You are hereStories / April, 2012 / Two Wings Are Necessary

Two Wings Are Necessary


Titanic 1912

The Titanic's Forgotten "Survivor" by Rainn Wilson, Actor - As we've been reminded innumerable times over the past few weeks, one hundred years ago the "unsinkable" Titanic sank into the North Atlantic, taking with her more than 1,500 lives. The tragedy has made for some epic storytelling. Of all the stories, one of the most extraordinary is that of a 68-year-old Persian who wasn't, it turns out, actually on the ill-fated vessel, but was supposed to be.(Version Française ci-dessous)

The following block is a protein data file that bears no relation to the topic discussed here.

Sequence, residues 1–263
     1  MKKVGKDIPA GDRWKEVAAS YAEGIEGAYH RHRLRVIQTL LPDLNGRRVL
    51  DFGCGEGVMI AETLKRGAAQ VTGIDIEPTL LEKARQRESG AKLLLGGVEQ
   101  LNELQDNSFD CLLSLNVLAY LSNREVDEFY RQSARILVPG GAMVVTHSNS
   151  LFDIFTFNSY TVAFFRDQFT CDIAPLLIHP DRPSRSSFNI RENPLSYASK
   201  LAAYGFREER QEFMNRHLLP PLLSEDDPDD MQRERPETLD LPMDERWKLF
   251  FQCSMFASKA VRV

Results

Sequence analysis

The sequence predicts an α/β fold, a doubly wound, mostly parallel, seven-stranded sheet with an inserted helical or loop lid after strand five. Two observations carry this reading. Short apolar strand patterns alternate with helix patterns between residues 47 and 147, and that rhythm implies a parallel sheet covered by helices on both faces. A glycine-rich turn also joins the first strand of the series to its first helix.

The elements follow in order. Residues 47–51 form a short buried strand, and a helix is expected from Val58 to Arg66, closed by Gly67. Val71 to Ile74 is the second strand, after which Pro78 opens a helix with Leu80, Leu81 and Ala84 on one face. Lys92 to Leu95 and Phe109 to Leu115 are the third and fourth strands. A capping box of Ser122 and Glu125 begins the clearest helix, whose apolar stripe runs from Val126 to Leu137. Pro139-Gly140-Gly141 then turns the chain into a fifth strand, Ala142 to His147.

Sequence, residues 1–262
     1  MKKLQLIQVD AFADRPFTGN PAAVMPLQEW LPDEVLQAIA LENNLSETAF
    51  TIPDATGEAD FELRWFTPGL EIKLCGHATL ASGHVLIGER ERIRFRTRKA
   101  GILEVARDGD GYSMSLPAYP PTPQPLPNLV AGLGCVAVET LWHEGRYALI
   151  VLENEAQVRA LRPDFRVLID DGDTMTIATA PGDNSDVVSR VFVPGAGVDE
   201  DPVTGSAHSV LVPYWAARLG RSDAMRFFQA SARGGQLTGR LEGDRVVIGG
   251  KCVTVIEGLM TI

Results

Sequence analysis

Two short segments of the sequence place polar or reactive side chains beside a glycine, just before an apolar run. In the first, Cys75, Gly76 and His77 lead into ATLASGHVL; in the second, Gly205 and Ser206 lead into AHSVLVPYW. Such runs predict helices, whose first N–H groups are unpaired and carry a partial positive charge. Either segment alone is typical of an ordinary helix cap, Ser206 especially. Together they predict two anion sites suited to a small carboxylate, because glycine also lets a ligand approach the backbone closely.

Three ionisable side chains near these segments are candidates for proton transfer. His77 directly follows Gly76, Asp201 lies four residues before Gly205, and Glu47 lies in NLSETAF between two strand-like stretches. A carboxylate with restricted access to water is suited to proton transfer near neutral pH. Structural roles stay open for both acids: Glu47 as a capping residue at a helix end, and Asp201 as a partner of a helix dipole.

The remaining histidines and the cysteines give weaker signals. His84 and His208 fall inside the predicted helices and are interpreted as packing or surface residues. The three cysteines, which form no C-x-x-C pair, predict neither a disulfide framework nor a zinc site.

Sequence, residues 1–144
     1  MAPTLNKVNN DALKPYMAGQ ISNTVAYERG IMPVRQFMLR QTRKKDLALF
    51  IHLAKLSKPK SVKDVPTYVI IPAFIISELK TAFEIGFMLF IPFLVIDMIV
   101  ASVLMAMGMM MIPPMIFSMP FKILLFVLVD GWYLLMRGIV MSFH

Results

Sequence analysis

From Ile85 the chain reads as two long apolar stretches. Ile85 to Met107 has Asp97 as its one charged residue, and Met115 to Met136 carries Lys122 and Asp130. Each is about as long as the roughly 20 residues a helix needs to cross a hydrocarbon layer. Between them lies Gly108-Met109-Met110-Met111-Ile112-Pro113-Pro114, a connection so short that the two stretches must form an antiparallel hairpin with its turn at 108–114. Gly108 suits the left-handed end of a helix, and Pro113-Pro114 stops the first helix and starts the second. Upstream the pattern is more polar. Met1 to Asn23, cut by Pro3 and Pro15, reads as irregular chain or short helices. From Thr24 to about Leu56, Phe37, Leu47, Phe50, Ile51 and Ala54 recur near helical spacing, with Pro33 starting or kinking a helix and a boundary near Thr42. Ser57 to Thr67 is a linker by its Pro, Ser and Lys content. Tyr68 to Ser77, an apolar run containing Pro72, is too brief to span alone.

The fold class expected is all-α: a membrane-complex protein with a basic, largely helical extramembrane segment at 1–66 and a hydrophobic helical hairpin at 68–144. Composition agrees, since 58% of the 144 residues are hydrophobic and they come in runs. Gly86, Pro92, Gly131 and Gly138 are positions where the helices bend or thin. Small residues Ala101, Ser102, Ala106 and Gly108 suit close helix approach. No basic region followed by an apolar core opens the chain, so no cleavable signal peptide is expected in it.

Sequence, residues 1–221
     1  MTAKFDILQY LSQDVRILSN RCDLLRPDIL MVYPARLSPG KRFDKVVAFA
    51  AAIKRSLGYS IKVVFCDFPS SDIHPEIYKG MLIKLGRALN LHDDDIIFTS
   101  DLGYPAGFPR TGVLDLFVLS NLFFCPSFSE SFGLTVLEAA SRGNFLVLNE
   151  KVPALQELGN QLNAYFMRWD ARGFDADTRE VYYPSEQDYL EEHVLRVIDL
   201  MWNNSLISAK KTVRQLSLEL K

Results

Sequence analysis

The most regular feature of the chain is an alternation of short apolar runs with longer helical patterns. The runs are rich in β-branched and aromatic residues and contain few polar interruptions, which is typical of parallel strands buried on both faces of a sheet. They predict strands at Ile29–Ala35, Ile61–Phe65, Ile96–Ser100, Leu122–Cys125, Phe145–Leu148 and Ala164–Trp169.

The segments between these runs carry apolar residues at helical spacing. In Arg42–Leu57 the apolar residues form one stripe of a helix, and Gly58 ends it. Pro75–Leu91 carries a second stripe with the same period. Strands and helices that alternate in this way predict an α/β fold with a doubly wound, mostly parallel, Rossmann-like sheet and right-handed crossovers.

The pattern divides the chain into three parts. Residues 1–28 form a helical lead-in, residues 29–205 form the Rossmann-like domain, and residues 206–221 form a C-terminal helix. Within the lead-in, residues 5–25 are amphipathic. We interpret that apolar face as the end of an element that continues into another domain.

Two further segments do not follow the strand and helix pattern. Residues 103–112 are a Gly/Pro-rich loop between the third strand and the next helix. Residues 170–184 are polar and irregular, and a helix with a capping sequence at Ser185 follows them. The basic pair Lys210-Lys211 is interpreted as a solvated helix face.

`Abdu'l-Bahá, during his trip to the United States. `Abdu'l-Bahá arrived in New York City on 11 April 1912, after declining an offer of passage on the RMS Titanic. On 5 December 1912 he set sail back to Europe. Finally on 12 June 1913 he returned to Egypt, where he stayed for six months before returning to Haifa.`Abdu'l-Bahá, during his trip to the United States. `Abdu'l-Bahá arrived in New York City on 11 April 1912, after declining an offer of passage on the RMS Titanic. On 5 December 1912 he set sail back to Europe. Finally on 12 June 1913 he returned to Egypt, where he stayed for six months before returning to Haifa.Abbas Effendi -- known as Abdu'l-Baha or "the Servant of God" -- was feted by the press in both Europe and the U.S. as a philosopher, a peace apostle, even the return of Christ. His American admirers had sent him thousands of dollars for a ticket on the Titanic, and begged him to ride in the greatest of opulence. He declined and gave the money to charity.